The most important thing is not to see this as merely a compliance or regulatory issue, according to Arthur D. Little. The management consultancy has identified what it calls the ‘carbon margin’ – which covers not only the impact carbon will have on business and competition, but also the profits available to those companies who play their carbon cards right.
As it says, no business can afford to ignore the issue of carbon emissions - whether you're interested or not. Governments across the world have committed themselves to reducing carbon emissions in the next 10 to 20 years, and the inevitable regulation will change the way businesses have to operate. So to save money, it’s worth thinking ahead.
But there’s more to it than that. The key, says ADL, is to see carbon management as an opportunity, not just an expensive hassle - and that doesn't just mean trading credits. These days emphasising your green credentials is also a good way of winning customers and boosting your brand (ask Sir Stuart Rose, who launched the much-praised Plan A last year) – so you might be able to boost your top line, as well as cutting costs. According to an index ADL’s developed, ‘carbon winners’ are already outperforming their rivals by 20% per year, and this will only increase as the deadlines loom larger.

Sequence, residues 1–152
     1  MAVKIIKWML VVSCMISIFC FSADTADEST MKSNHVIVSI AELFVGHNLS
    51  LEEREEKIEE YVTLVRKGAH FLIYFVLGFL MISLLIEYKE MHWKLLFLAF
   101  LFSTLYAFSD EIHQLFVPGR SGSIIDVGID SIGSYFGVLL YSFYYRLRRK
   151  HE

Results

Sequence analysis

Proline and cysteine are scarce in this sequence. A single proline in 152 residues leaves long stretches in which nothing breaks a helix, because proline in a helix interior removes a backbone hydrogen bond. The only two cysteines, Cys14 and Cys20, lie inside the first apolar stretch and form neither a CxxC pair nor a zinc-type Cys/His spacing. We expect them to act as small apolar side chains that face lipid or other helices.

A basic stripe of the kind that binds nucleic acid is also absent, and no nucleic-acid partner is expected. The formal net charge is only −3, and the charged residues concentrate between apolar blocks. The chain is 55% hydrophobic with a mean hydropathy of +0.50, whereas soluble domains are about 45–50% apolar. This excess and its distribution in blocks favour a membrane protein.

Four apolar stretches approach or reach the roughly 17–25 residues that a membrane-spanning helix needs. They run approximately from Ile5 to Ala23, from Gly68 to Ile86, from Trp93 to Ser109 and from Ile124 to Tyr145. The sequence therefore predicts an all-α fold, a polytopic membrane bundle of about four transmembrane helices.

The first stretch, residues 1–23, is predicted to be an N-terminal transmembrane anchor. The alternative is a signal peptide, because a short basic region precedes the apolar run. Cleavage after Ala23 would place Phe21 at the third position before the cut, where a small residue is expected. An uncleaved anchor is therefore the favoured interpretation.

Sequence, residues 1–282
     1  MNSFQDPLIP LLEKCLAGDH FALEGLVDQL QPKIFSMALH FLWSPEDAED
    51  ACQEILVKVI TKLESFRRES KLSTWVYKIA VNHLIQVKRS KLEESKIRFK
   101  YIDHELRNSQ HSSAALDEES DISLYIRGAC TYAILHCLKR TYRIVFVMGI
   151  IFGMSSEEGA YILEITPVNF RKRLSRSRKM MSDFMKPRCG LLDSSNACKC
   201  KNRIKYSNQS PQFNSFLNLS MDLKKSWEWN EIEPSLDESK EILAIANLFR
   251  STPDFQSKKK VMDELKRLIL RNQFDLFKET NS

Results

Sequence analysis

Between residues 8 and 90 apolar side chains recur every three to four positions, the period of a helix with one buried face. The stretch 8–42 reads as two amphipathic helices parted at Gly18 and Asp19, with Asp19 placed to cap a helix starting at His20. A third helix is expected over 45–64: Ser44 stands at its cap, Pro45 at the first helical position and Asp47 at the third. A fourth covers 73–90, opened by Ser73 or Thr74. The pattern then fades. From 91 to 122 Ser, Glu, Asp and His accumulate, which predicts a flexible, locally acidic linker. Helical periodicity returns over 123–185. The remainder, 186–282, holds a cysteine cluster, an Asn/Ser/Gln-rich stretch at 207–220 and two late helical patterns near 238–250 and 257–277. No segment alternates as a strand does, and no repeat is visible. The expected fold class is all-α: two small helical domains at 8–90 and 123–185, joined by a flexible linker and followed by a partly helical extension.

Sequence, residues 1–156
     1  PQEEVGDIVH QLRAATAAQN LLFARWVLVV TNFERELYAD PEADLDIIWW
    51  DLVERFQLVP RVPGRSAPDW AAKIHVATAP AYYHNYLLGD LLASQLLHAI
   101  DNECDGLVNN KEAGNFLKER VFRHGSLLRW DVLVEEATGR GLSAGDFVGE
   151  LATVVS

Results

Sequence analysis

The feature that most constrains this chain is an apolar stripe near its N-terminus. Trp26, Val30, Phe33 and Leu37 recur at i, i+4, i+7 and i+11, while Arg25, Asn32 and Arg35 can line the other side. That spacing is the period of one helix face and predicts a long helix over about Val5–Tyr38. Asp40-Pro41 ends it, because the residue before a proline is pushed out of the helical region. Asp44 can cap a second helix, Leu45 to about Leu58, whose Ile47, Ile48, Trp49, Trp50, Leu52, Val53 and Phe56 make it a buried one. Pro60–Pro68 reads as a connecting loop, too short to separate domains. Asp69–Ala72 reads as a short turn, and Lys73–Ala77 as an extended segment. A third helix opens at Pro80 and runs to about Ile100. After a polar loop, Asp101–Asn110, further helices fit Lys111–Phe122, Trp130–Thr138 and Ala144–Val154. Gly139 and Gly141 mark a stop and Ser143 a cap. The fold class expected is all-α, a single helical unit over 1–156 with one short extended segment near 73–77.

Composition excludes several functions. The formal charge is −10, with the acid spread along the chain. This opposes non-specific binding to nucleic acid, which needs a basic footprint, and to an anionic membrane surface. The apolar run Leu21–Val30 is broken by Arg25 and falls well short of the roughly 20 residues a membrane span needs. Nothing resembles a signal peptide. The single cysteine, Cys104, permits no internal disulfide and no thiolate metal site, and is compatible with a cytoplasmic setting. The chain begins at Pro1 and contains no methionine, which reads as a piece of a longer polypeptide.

Sounds good – but how do you go about doing this in practice? The problem, as ADL concedes, is that there’s no ‘one size fits all’ answer to that question. It suggests: ‘Each company needs to identify the strategic options open to its business, and prioritize those options on the basis of a number of attractiveness variables’ – which we think is consultant-speak for ‘pick the best one’.
But these ‘carbon winners’ do have a few things in common, it says. Carbon management is not just delegated to some junior division – the top brass take an active interest, because they see it as ‘a whole-business issue’. They plan for the vagaries of government policy on climate change. They have good monitoring arrangements. And they employ people to predict future trends (rather than relying on past ones) and react to them.
So the moral of the story of is: don’t neglect your carbon margin in 2008. It could be an expensive mistake…